Invited Paper Session #286
CE Offered: BACB

Is Autism on the Rise? Issues of Prevalence and Early Risk Factors

Monday, May 30, 2005
9:00 AM–9:50 AM
Continental B (1st floor)
Area: AUT; Domain: Service Delivery
CE Instructor: Marygrace Yale Kaiser, Ph.D.
Chair: Jack Scott (Florida Atlantic University)
MARYGRACE YALE KAISER (University of Miami), Keith Scott (University of Miami)
Marygrace Yale Kaiser is a Research Assistant Professor and Assistant Director of the Autism and Developmental Disabilities Monitoring Project at the University of Miami. Her work and that of her colleague Keith Scott, has focused on prevalence of serious disabilities in children with special attention to the epidemiology of autism. Dr Kaiser received her doctorate in psychology from the University of Miami where she coordinated the Early Social Communication Project. This project examined the development of joint attention and other forms or early social interaction in children with autism. Her current research puts her in a unique position to build on her background in autism and now to apply the tools of developmental epidemiology to account for the increasing rates of autism and related disabilities.

Recently, issues concerning Autism and Autism Spectrum Disorders (ASDs) have received a great deal of attention. Comparisons of epidemiological data from the last 30 years suggest that there has been a significant increase in the prevalence of the disorder. However, the meaning of this increase is currently poorly understood and few population-based studies have been conducted with large U.S. samples. This talk will detail past and present efforts to document the prevalence of autism, as well as discuss implications of the apparent increase in the number of individuals affected by the spectrum of disorders. In addition, characteristics that may increase the risk for developing autism will also be discussed. The few studies that have explored possible association have mostly involved analyses of small, ethnically similar samples which may make results more difficult to generalize. Data from two investigations of large ethnically diverse populations will be highlighted and areas of future investigation will be presented.

Symposium #316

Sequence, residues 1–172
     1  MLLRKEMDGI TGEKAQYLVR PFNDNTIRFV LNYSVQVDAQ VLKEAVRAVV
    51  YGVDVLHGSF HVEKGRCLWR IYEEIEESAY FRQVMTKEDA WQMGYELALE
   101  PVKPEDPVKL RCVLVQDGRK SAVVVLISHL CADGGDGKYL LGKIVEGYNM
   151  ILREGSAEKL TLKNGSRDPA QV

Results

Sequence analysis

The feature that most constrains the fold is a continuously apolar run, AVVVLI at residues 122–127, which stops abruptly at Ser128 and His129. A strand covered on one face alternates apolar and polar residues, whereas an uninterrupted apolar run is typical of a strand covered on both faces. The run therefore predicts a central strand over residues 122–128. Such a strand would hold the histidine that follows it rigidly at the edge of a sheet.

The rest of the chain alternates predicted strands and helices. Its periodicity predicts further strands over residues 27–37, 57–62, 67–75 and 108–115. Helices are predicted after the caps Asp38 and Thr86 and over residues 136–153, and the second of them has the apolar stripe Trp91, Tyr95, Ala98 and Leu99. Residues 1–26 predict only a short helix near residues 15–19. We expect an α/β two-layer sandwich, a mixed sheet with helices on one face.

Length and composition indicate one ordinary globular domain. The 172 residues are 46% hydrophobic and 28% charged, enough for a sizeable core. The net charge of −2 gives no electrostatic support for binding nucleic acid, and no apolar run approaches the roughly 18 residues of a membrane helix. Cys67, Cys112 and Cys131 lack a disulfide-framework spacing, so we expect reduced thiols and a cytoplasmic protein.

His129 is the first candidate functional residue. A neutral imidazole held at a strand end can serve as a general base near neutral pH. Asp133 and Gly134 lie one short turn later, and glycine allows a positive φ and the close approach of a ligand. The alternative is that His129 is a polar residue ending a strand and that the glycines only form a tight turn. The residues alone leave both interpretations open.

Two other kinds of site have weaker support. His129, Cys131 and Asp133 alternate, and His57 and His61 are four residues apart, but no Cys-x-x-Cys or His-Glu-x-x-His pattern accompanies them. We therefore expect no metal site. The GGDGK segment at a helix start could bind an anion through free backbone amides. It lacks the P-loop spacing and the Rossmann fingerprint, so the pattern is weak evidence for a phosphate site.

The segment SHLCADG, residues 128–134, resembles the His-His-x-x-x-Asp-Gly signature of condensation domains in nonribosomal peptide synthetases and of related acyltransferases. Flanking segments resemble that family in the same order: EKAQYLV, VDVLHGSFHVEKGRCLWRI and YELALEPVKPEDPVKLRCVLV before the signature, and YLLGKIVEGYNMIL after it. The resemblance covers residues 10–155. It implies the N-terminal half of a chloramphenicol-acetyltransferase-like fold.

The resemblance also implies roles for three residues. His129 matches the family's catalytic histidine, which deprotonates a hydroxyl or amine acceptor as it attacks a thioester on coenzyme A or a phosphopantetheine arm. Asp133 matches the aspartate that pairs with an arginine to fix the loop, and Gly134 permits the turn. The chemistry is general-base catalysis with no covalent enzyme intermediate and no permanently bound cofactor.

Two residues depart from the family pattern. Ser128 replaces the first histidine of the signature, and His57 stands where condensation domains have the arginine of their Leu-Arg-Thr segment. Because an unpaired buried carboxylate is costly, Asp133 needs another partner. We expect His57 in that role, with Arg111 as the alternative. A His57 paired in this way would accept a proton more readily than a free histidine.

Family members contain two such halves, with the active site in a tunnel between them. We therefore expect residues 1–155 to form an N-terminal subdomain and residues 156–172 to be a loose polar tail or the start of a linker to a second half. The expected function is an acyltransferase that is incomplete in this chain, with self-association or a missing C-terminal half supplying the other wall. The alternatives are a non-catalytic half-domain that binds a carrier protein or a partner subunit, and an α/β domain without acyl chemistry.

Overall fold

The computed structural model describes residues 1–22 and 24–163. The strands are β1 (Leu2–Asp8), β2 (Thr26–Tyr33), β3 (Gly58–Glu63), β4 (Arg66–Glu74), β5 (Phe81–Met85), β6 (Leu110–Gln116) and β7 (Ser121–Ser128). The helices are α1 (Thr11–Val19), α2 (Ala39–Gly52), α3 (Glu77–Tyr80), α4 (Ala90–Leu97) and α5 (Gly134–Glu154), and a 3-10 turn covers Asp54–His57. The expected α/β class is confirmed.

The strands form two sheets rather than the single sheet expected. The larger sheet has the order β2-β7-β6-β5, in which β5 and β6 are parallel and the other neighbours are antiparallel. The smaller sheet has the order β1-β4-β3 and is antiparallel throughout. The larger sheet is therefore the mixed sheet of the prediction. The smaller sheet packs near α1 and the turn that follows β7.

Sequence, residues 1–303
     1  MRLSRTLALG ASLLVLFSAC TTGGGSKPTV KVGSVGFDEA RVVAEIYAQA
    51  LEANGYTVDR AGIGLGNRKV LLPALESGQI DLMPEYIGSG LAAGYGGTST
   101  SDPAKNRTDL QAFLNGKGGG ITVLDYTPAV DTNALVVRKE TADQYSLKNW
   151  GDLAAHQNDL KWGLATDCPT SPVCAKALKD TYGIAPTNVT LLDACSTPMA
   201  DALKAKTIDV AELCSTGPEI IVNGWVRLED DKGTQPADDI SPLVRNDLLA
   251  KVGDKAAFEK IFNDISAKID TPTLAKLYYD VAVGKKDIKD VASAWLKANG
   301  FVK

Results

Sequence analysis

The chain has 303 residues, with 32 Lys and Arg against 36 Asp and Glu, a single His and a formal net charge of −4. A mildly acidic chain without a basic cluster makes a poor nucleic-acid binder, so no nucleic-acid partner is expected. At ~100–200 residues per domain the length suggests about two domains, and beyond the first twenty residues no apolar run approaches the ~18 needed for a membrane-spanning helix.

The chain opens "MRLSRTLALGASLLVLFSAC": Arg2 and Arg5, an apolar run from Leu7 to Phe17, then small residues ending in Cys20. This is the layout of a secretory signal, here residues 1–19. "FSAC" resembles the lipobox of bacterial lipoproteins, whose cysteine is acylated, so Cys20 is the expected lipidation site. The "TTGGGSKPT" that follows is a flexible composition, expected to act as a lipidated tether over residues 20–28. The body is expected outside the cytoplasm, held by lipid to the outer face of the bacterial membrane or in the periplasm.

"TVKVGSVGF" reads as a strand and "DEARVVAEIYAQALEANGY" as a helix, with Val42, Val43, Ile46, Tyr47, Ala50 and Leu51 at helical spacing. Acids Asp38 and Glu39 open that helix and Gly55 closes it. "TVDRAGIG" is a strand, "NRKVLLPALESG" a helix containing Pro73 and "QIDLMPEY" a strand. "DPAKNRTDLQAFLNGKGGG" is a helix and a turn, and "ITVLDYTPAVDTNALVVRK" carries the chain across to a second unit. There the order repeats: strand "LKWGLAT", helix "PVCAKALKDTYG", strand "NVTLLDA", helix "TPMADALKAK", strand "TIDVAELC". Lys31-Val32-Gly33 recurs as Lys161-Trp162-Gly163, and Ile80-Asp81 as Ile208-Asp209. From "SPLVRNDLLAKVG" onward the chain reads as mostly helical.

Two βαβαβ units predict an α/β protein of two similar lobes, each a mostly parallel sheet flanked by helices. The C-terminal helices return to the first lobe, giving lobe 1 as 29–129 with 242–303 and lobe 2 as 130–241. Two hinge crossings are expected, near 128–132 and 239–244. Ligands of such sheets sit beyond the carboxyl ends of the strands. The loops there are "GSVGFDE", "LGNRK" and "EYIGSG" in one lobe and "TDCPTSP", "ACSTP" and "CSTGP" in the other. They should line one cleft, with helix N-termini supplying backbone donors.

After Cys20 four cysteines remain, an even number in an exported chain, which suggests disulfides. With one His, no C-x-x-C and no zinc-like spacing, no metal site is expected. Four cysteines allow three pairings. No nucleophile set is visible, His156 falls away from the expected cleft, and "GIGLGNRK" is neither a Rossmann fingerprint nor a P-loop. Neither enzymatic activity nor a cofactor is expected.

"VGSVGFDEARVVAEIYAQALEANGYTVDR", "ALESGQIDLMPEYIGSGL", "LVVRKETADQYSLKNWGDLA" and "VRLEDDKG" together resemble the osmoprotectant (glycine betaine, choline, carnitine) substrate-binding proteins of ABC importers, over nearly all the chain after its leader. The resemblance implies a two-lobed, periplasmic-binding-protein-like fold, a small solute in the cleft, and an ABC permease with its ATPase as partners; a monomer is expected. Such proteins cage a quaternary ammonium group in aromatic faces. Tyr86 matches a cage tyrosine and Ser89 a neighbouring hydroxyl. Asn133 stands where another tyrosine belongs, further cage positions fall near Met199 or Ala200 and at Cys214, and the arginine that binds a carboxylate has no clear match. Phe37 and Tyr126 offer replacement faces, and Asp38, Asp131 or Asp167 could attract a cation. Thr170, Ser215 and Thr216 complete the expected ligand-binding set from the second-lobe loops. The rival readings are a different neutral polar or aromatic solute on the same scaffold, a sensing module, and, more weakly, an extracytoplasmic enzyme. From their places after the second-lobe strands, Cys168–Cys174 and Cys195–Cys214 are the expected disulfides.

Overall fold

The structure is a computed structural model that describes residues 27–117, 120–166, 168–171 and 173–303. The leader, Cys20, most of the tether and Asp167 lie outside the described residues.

CE Offered: BACB
Achieving Fluent Responding in Young Children with Disabilities
Monday, May 30, 2005
10:30 AM–11:50 AM
Stevens 1 (Lower Level)
Area: DDA; Domain: Service Delivery
Chair: Brian Doyle (HMEA)
Discussant: Brian Doyle (HMEA)
CE Instructor: Robyn E. Stewart, M.Ed.

Teachers often encounter students who present with both academic deficits and social-behavioral difficulties. Deficiencies in basic academic skills can eventually lead students to be excluded from general education classrooms, while a lack of appropriate social skills affects not only their development of advanced communicative abilities, but also further exacerbates their isolation from peers. Both of these deficit areas are strong predictors of later problems in life. Fluency training, with its emphasis on ?the student knows best? approach, offers alternate strategies for addressing these issues. Fluency training has been found to increase acquisition and retention of both component and composite skills. This presentation examines how fluency training in combination with other treatments can improve a basic academic skill (i.e., oral reading and comprehension) and social skills in young children with developmental disabilities. Results will be discussed with respect to the retention, endurance, and application of these skills in classroom settings.

Increasing Sight Word Fluency Through Audio Taped Recordings
KARA MUIRHEAD (HMEA), Michael J. Cameron (Simmons College), Michele D. Mayer (HMEA)